For over a decade the Puntacana Foundation has been safeguarding the future of Dominican reefs with an underwater Coral Restoration nursery. Beneath the waves thousands of staghorn coral fragments grow on custom built frames before they are harvested in a effort to repopulate the surrounding coral reefs.
Staghorn coral, Acropora cervicornis, is an important branching coral which provides complex structural habitats for fish and other marine life. Unfortunately A. cervicornis is a threatened species and has severely declined on many Caribbean reefs.
The Puntacana coral restoration nursery consists of different metal and rope frames for growing coral fragments. There are currently between twenty and twenty two metal A-frame nurseries, two suspended rope ladders, and two vertical rope nurseries for growing staghorn corals.
The foundation has also added five metal tables for growing endangered elkhorn Acropora palmata corals, which they gather as ‘fragments of opportunity’ that have naturally broken off from larger colonies nearby.
Corals have the ability to reproduce both sexually and asexually, meaning that small fragments of coral which have broken off or been cut off from a larger mother colony, will continue to grow (given the right environmental conditions). Coral gardeners take advantage of this life cycle characteristic by propagating coral fragments in sheltered underwater coral nurseries.
Small fragments of coral, a few centimeters long, are attached to the frame using cable ties. The coral tissue begins encrusting along the frame, followed by new branches grow upwards and outwards towards the sun.
One of the biggest challenges is keeping up with new coral growth. If a frame is left unattended, the coral would happily overgrow the frame, causing it to collapse. The new fragments should be left to grow for six months to one year, or until they have reached a suitable size for your transplant site.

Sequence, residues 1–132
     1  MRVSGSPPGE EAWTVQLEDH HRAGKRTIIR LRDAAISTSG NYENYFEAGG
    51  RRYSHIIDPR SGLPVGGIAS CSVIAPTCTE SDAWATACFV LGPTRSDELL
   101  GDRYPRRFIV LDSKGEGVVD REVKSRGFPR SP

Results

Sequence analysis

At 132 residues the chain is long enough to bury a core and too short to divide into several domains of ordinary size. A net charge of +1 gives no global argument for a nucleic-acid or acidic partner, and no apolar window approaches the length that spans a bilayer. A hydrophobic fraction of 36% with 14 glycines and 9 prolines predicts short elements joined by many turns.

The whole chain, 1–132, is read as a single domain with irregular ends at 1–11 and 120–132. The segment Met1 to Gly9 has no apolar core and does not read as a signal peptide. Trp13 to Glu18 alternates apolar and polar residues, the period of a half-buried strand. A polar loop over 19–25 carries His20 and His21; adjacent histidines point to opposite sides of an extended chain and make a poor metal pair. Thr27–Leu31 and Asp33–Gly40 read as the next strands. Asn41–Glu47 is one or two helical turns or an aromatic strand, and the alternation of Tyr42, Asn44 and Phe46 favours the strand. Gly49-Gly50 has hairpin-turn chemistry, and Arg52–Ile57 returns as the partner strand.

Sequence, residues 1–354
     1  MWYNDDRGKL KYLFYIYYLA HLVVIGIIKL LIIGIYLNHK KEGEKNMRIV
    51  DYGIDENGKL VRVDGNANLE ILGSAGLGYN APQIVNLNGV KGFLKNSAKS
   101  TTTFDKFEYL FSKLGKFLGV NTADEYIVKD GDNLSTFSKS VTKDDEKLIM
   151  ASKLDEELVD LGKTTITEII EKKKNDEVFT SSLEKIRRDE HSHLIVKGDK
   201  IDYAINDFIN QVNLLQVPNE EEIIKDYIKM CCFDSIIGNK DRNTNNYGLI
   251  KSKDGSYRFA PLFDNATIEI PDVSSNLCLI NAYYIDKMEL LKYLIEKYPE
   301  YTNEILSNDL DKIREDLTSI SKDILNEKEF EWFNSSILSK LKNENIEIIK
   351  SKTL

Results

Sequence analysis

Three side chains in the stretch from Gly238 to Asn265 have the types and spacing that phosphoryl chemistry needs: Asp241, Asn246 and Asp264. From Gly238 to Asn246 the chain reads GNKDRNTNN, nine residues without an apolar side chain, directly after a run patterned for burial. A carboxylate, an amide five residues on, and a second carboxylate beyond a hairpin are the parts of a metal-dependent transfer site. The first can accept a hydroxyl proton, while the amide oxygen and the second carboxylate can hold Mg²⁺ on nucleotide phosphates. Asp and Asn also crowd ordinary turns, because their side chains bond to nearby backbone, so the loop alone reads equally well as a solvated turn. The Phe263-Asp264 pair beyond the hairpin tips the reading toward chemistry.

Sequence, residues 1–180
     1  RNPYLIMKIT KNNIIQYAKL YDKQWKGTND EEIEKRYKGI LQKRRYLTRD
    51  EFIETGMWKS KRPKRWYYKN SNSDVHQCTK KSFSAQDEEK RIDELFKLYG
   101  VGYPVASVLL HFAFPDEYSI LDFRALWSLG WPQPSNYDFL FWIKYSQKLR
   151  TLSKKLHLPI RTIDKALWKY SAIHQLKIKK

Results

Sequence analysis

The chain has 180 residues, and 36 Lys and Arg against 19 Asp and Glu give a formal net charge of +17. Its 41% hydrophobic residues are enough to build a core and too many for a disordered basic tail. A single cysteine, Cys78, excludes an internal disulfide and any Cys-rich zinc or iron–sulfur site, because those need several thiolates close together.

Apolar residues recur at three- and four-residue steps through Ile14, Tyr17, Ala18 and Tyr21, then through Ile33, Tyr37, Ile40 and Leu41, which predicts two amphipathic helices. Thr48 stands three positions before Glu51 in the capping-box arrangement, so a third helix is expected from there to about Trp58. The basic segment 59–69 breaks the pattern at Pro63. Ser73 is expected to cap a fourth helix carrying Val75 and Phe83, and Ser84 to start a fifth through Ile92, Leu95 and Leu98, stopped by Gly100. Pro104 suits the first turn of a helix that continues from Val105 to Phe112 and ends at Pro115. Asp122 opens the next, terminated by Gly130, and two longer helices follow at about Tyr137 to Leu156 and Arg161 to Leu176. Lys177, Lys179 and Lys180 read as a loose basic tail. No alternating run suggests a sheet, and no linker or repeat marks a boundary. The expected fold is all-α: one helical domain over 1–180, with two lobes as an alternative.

Growing corals on the nursery frames is the easy part. It’s the harvesting and restoration of coral reefs which is the most time consuming part of the process.
The coral garden, which started in 2004 as a pilot study from the university of Miami Rosenstiel and Counterpart Intenational (CI), took off in 2010 when project manager Victor Galvan joined the Puntacana Foundation. Since then the project has been successful in replanting over 5,500 coral fragments with roughly the same amount currently growing in the nurseries.
Victor explains that the average size for each replanted fragment is approximately 59cm which adds up to a staggering 3,000 meters of coral tissue returned to the reef. Once the coral fragments have reached a sufficient size, they are harvested from the frames by scuba divers, transported by boat, and then secured to suitable habitats nearby using nails and plastic cable ties.
Transplanted corals have an average mortality rate of around 10% with a range from 0 to 28%. Once they are established, the corals continue to grow on the reef and once mature, they can contribute to annual spawning events to further repopulate the additional portions of the reef.
The Puntacana coral restoration project has grown to be the second largest in the Caribbean, and the largest in the Dominican Republic. Their pioneering work in the country, in partnership with the University of Miami and CI, has led to the creation of thirteen coral nurseries in all the major tourist hotspots in Dominican Republic.
Although the Puntacana Foundation only directly manages four of the thirteen nurseries, they have organized workshops and provide volunteer opportunities to help promote coral restoration in other tourist destinations in the country. The Coral Restoration project in Puntacana is an example of active restoration, and their project gives us hope for the future of coral reef in the Dominican Republic.
We would like to thank Victor and the Puntacana Foundation for the fantastic opportunity to visit the Puntacana Restoration nursery. To learn more about the Puntacana Foundation and Coral Restoration project you can visit their website HERE.